10 Things We Learned Today


News from Google’s developer conference, I/O, dominates tonight’s roundup:

  • Google is launching the Chrome Web Store, an app store for the web. As part of its presentation, the company announced that Chrome now has north of 70 million active users.
  • The company also announced an open API for Latitude, its location-aware mobile app, in a bid to become the centre of the location universe. We think the company will probably lose out to Facebook here, but First Round Capital’s Josh Kopelman thinks this is a game changer, and his opinion is more important than ours.
  • Life working at one of Foxconn’s sweatshops in China is completely miserable, according to a journalist who spent a month building Apple products. Conditions at Foxconn continue to create a lot of bad publicity for Apple, but lots of other major U.S. tech companies do business with Foxconn too.
  • Vietnamese gadget site Tinh Te continues to corner the market in Apple gadget scoops, this time turning up a prototype iPod Touch complete with a camera. This is the third such scoop for the site in the past week and a half, which must be driving the secrecy fanatics at Apple insane.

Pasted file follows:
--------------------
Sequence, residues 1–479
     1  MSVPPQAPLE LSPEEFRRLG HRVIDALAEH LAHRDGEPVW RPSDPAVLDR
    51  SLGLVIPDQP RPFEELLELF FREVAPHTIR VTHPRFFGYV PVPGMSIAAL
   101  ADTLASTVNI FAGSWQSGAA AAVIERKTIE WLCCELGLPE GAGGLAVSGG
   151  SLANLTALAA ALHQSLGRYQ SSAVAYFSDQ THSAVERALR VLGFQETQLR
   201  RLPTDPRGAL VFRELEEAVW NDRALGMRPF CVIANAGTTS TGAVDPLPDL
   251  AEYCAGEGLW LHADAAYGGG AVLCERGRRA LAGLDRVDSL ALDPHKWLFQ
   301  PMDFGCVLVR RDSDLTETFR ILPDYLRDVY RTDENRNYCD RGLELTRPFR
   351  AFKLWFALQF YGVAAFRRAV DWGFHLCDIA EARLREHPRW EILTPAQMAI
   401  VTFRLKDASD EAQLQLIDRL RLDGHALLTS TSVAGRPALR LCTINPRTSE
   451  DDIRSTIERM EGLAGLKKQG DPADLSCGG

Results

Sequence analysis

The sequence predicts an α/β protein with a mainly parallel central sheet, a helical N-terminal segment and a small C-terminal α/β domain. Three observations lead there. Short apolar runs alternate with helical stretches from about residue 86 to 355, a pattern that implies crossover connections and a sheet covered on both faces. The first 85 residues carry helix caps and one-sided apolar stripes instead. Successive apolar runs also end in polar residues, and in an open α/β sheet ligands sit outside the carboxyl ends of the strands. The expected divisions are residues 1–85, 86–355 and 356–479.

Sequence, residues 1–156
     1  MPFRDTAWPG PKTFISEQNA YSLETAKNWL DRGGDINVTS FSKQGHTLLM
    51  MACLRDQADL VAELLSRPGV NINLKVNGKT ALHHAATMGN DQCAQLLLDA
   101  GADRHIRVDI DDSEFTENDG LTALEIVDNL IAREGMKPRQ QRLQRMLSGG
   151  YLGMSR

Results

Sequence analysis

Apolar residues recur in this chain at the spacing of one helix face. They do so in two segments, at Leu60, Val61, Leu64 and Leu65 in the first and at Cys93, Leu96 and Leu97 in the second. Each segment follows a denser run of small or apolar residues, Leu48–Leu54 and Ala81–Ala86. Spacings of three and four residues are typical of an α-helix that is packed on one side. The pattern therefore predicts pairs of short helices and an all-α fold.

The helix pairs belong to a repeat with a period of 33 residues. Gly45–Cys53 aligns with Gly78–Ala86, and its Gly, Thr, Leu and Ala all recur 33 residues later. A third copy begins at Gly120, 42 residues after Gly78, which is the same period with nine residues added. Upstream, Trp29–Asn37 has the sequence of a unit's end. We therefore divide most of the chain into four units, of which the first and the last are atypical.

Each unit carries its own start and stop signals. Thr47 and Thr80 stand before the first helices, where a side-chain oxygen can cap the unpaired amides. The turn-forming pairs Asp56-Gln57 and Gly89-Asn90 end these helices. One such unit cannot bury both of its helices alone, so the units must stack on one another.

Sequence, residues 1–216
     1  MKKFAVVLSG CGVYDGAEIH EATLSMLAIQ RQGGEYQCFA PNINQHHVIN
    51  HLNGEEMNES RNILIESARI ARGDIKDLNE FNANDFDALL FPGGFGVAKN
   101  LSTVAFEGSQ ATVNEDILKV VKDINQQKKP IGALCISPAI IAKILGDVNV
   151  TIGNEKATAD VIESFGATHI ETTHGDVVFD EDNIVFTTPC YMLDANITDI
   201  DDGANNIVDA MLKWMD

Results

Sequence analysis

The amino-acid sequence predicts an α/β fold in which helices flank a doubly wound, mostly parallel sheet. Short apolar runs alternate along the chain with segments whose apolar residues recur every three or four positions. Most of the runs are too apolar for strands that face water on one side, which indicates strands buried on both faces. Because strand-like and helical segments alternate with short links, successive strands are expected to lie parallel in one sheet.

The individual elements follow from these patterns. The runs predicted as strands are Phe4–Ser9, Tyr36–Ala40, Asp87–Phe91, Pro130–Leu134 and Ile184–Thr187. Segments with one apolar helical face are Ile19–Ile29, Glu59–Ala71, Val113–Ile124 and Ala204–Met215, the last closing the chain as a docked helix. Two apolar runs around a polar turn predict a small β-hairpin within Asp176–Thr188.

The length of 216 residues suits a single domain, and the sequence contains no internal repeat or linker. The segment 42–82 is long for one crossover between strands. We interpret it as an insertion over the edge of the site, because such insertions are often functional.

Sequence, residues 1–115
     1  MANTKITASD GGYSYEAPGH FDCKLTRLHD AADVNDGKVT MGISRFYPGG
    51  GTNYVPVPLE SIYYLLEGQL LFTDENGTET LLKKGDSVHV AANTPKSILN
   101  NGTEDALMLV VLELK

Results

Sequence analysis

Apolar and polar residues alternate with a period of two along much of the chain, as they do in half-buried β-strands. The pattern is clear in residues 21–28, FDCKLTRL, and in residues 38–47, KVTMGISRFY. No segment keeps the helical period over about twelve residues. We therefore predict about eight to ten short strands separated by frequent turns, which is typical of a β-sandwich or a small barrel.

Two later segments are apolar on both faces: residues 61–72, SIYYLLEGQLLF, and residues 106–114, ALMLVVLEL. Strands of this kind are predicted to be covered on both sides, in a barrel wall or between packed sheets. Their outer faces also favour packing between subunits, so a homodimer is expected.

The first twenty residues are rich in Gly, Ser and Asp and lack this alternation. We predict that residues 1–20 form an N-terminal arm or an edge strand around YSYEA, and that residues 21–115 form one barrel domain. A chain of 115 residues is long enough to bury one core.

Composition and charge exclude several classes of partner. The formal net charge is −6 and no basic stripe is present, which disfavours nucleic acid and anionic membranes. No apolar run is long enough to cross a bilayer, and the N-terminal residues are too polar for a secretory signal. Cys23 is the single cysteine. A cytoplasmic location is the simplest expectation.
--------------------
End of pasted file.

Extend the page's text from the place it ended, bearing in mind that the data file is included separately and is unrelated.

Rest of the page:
• Google cofounder Sergey Brin, on Street View vans accidentally collecting private data from unsecured wireless networks: “We screwed up, and I’m not making excuses about it.” That’s about right. There’s no real fire here.
  • Yahoo’s acquisition of content farm Associated Content is bad news for AOL, which is running a media factory of its own, but CEO Tim Armstrong probably isn’t too broken up about it — he made $15 million on the deal.
  • Google Wave is now open to everyone, no invitation required. But it doesn’t look like it’s about to achieve mainstream success.
  • Hot NYC startup Stickybits raised $1.8 million, and is rolling along with its barcode-scanning mobile app that lets you attach digital content to real world objects.
  • 99% of intercontinental data flows through underwater cables, not satellites. Which is too bad, since those cables are incredibly insecure.
  • Sports Illustrated’s HTML5-based app looks very sharp. Congratulations, HTML5, you’re the subject of the newest thing that’s going to save print meme:

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